Much has been made of the democratizing effect of the internet, and its emancipatory impact on under-represented and marginalized groups living under authoritarian regimes, where it nurtures a networked public sphere that constitutes an independent alternative to tightly controlled media environments.
According to Harvard's Yochai Benkler, this networked public sphere allows for bottom-up agenda-setting, universal access to information, and freedom from governmental interference. Benkler explains: "The various formats of the networked public sphere provide anyone with an outlet to speak, to inquire, to investigate, without need to access the resources of a major media organization."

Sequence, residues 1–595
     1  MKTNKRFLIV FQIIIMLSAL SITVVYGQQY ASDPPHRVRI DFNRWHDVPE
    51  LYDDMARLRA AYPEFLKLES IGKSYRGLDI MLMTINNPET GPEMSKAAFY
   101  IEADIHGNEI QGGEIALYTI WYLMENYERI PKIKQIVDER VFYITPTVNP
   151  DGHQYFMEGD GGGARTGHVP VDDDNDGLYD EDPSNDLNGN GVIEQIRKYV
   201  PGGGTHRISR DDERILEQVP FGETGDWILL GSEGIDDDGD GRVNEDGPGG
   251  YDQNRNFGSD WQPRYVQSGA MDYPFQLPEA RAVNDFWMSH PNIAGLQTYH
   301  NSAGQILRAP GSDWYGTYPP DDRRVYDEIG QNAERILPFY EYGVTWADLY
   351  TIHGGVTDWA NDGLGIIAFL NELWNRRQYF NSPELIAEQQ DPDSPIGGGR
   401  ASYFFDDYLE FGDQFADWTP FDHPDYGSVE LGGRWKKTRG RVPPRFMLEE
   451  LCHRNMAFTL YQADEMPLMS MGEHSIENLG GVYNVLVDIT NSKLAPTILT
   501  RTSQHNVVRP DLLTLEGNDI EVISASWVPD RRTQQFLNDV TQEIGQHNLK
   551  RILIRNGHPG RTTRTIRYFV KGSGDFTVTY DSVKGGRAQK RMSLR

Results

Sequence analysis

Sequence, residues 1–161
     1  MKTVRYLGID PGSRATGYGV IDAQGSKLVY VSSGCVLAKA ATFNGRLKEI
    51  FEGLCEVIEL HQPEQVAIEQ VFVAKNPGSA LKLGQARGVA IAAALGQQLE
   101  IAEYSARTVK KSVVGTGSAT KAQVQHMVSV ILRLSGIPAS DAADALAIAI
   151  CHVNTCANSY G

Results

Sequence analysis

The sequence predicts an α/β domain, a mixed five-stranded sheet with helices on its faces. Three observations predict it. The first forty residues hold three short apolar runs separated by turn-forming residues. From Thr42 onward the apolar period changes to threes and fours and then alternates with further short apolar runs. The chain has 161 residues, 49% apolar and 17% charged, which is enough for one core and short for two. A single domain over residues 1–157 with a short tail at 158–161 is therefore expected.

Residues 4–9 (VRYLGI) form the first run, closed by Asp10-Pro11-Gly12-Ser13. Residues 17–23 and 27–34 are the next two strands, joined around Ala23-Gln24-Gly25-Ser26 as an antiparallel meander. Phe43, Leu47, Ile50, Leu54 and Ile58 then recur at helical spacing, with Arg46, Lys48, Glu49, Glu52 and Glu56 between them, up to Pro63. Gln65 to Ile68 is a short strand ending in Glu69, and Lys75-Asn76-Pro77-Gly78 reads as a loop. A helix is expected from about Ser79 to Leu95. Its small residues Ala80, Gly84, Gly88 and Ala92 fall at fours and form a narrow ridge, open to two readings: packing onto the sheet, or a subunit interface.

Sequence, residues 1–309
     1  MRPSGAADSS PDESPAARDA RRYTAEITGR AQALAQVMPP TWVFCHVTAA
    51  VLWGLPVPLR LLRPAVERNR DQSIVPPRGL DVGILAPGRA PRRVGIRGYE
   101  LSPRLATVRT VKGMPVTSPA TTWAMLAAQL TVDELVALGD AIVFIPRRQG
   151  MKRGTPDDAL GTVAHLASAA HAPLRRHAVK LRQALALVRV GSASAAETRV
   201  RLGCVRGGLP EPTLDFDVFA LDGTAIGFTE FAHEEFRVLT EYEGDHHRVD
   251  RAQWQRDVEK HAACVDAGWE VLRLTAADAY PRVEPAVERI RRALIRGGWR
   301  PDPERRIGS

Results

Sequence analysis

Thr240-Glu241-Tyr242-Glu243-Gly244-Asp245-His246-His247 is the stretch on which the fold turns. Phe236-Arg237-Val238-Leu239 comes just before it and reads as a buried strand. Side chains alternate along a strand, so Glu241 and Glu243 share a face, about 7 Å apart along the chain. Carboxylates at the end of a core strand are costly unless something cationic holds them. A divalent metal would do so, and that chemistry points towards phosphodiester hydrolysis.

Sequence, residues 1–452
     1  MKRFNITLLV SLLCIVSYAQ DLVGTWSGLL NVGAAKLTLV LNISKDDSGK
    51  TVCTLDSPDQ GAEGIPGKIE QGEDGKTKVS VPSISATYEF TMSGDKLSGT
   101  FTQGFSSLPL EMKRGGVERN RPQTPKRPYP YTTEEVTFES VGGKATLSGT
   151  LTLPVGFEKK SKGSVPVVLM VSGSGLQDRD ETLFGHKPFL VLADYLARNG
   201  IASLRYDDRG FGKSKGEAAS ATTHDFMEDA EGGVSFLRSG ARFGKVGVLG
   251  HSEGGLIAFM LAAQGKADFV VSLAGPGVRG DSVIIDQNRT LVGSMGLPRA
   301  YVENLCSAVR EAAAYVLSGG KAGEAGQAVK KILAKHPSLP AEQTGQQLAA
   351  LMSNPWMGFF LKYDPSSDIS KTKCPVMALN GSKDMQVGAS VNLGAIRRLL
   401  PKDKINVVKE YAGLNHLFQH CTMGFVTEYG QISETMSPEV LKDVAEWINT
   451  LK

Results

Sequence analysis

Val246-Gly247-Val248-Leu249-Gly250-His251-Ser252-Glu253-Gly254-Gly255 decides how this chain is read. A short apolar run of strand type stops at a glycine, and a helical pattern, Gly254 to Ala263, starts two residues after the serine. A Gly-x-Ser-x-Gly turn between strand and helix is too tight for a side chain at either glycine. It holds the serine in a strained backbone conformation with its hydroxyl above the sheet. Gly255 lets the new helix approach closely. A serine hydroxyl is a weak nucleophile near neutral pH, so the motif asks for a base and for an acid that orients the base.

Since more members of society are now encouraged to participate in public discourse and speak up about matters they deem to be of public concern, the internet has rendered the diversity of citizens' views more salient. This is particularly visible when there is conflict and disagreement between different political or civic interest groups. Whenever there is a controversial policy announcement, there will always be a highly motivated group of people who use the internet to apply enormous pressure on politicians in these moments by voicing their discontent.